Richard E. Lewis

Hide and Sect
Tony Ortega's description of Sherry Roberson's vocal abilities and her career background were very well-written and informative ("Blues Bodhisattva," June 13); but I was just a little surprised (though not shocked) by the inaccuracies concerning Nichiren Shoshu Buddhism and its past relationship with Soka Gakkai International.

SGI was the lay organization for Nichiren Shoshu Buddhism in the United States during the time that Roberson was introduced to the religion. However, in 1976, Roberson did not join SGI; what she did was to become a believer in Nichiren Shoshu Buddhism and a member of the nearest Nichiren Shoshu Temple. There was no Soka Gakkai Buddhist sect at that time.

Soka Gakkai has only been in existence since its establishment in 1930 and then later, in 1951, sought and was granted permission by Nichiren Shoshu to establish SGI as a religious corporation for the purpose of propagating Nichiren Shoshu Buddhism outside Japan.

SGI has always been hung up on its numbers. During my tenure as an SGI district chief, I had some knowledge of how these numbers were accumulated (I would not be surprised at even finding my own name still listed on the membership roster, even though I severed my ties with the organization five years ago).

Of course I realize that SGI will, as always, attempt to put its best spin on what I've stated above, but the facts are the facts: SGI was excommunicated in 1991 and has no connection to Nichiren Shoshu Buddhism.

Steve Pontious
Fountain Hills

Gotcha Covered
New Times' coverage of Governor Fife Symington's indictment and the lack of adequate coverage by the Arizona Republic underscore the acute need for a publication like New Times ("Governor J. Fife Crook III," Michael Lacey; "Castle Creep," John Mecklin; and "The Governor and the Lawyer," John Dougherty, June 20). Thanks.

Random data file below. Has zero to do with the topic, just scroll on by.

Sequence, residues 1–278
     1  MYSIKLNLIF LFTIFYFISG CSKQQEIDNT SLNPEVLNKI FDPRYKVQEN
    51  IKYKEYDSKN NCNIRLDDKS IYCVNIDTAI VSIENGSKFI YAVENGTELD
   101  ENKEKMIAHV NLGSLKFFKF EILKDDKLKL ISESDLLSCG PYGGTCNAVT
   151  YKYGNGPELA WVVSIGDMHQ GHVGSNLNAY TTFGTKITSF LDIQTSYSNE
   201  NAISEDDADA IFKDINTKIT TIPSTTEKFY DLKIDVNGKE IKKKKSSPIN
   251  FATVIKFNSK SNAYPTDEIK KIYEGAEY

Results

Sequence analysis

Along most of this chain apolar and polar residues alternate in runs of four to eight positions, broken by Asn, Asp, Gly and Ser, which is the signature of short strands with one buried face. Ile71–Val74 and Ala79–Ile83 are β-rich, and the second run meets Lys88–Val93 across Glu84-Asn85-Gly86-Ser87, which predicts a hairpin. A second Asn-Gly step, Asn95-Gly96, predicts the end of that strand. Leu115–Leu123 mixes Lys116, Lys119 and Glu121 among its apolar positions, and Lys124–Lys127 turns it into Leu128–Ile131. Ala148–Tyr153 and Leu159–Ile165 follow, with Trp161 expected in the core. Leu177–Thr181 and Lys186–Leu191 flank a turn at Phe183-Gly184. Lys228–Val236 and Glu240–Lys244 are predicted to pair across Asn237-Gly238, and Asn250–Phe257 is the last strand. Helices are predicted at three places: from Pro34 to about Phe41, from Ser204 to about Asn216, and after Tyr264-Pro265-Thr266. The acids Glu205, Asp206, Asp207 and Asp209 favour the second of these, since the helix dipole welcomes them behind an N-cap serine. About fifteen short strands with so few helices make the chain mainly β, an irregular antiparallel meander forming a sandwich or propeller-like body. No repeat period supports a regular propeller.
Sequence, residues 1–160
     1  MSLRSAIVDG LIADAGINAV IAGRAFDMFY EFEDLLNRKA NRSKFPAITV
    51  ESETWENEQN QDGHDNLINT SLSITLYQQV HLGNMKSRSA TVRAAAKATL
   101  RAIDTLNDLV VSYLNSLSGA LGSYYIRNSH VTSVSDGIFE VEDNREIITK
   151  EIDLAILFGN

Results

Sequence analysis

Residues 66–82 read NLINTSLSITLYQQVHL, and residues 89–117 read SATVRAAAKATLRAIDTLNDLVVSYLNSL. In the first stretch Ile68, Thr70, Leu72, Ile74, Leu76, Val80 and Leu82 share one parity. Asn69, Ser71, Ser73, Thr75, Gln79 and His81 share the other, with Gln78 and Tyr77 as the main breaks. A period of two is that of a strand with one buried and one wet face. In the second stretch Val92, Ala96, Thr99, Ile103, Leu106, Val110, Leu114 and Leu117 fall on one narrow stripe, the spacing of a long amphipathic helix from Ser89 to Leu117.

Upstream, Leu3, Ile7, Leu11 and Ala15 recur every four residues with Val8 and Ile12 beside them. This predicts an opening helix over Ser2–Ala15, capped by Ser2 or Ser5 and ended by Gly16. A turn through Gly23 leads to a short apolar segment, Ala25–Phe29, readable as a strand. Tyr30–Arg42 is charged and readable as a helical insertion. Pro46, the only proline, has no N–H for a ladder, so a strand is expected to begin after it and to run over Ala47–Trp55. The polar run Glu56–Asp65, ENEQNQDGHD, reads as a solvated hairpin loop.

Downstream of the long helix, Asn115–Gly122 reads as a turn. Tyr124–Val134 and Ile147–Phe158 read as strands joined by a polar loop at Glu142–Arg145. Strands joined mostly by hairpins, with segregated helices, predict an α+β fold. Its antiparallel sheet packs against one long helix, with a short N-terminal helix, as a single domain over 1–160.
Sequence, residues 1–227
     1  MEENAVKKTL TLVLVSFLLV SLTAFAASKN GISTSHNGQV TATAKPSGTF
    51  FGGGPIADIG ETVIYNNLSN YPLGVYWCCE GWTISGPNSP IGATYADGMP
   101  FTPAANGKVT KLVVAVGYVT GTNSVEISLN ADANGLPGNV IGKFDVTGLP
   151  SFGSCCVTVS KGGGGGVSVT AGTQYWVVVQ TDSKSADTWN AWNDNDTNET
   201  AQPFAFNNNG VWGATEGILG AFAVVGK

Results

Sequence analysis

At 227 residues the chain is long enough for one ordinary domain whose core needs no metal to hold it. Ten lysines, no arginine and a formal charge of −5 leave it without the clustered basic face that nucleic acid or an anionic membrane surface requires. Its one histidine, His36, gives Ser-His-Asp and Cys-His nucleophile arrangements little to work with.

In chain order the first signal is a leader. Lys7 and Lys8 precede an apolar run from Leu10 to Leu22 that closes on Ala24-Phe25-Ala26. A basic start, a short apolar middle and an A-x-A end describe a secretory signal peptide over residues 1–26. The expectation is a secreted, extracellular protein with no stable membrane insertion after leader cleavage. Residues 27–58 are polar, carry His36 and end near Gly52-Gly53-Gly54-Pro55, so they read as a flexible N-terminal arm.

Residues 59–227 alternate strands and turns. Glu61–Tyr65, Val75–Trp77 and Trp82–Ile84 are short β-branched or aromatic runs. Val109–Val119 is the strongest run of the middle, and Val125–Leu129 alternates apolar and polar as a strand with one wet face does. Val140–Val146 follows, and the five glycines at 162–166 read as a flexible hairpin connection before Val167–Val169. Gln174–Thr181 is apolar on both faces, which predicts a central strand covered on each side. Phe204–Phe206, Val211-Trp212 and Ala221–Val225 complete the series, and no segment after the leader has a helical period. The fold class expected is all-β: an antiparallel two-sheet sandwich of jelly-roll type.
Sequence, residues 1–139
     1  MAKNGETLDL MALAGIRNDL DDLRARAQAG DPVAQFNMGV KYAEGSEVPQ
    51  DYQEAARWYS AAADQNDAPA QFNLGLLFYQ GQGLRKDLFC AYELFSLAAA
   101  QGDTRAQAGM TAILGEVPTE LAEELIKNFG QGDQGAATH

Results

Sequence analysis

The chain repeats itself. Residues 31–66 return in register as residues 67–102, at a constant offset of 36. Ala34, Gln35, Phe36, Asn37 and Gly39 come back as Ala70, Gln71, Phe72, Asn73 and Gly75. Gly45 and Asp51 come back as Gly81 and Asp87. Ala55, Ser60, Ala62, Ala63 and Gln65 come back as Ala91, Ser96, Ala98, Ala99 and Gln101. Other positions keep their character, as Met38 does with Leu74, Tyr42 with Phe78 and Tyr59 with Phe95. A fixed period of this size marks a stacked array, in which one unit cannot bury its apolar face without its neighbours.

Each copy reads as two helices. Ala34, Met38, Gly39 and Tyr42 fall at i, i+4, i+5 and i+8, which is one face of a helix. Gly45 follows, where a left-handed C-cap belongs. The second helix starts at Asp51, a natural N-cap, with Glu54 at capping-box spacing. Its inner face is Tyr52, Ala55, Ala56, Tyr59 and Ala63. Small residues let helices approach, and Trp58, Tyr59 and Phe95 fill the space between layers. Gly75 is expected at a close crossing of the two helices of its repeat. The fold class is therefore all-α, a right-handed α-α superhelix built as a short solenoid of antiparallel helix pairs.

Aubrey Kesterson
via Internet

Thanks, New Times, for telling it like it is! I work in the Arizona Department of Administration, and I have seen so many things done in arrogance without regard for state rules and regulations in this administration. My biggest gripe is that exempt employees, many of whom are friends of Fife Symington or are former Symington employees, were allowed (encouraged) to work on Fife's last campaign, on state time.

They do not have to take annual leave for anything less than eight hours, and many don't even submit an absence slip, as the rules require. Even though the governor's people surely understand state rules and regulations, they regularly flout them. The sooner this whole bunch is out, the better!

Secretary of State Jane Dee Hull will really enjoy the palace Symington created on the eighth and ninth floors. She will probably be a very good governor and certainly has the experience to know how government works.

Name withheld
via Internet

People ask me, "Why does a Texas lawyer read New Times' online cousin avidly?" Answer: Its coverage of the Fife Symington saga is creative, courageous and delightfully humorous. New Times maintains a balance. New Times appears to be a combination of Atlantic Monthly, Washington Monthly, Spy and Mad. Thanks for being on the Web.

Terry O'Rourke
via Internet

Editor's note: And thank you for not mentioning Cracked magazine.

I'm out here in rural Arizona, where the only newspaper I can get is the Arizona Republic. Though New Times writers have, for the past eight months, been writing about Fife Symington and his imminent indictment, I never read one word about the same in the Republic. It blew my mind! The Republic missed the biggest story in the West. What a pathetic piece of trash! Henceforth, the only time I will ever touch the Republic is when I'm out in the middle of nowhere, and I need to take a crap.

George Smith
via Internet

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